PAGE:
The changes which Help To Heat brings include alterations to state benefit eligibility criteria and including social housing with an EPC (Energy Performance Certificate) rating of E, F or G. If the proposals are accepted, the estimated changes from ECO2 to the transition years will be:

  • To increase the total number of eligible households from 3 million to 4 million.
  • To increase the number of fuel poor households which are eligible for support, which in the case of England will be a 60% increase to over 1.1 million homes.
  • To provide support to fuel poor and vulnerable householders who would not otherwise be eligible.

Although around 4 million households will be eligible for support in the transition period, the Government estimates that 160,000 will receive help under Affordable Warmth in 2017/18.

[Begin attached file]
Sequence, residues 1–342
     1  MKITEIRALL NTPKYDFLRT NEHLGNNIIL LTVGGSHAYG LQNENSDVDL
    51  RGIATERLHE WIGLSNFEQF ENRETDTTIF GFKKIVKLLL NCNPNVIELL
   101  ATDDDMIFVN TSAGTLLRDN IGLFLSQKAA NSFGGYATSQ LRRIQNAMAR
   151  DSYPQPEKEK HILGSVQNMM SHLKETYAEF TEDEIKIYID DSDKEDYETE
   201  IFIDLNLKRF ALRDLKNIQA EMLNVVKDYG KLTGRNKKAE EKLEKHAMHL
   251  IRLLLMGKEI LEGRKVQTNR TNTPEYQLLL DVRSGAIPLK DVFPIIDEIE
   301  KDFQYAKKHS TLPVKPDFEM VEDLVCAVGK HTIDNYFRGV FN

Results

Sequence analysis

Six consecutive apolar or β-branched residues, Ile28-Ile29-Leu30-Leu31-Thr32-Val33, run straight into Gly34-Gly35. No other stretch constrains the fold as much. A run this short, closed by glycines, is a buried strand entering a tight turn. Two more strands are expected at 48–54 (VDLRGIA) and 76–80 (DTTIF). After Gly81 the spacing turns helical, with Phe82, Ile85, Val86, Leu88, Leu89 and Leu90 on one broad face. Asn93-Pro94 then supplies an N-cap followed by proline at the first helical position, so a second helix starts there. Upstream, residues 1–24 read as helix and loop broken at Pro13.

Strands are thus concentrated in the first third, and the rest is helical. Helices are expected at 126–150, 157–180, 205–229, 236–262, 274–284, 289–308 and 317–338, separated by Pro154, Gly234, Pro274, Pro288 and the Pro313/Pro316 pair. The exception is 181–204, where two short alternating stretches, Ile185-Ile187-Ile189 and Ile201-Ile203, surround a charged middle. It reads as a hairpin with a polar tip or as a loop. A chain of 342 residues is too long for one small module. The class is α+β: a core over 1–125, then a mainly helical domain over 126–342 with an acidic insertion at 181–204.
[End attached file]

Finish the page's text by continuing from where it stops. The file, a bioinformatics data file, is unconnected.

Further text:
Targeting Fuel Poor and Low Income Households

Up to 31st March 2017 the Affordable Warmth Scheme only provided for homeowners and privately rented households who received certain state benefits. With regard to tax credits this also had an income threshold. However, under the old criteria around two thirds of all fuel poor households in England were excluded.

This consultation only dealt with the Help To Heat transition period and the proposed changes to eligibility criteria are:

  • To introduce income thresholds for Universal Credit and tax credits which take into account the composition of the household. High occupancy households are more likely to suffer from fuel poverty on the current income threshold of £16,010 than low occupancy homes. It is proposed to have ten income thresholds based on a single person or a couple and whether they have 1, 2, 3 or 4+ dependent children.
  • To simplify eligibility criteria for other benefits by ensuring that an applicant only needs to receive the benefit and does not have to satisfy additional qualifying criteria such as disability or parental responsibility for a child.
  • To remove Pension Credit Savings Credit from eligibility criteria.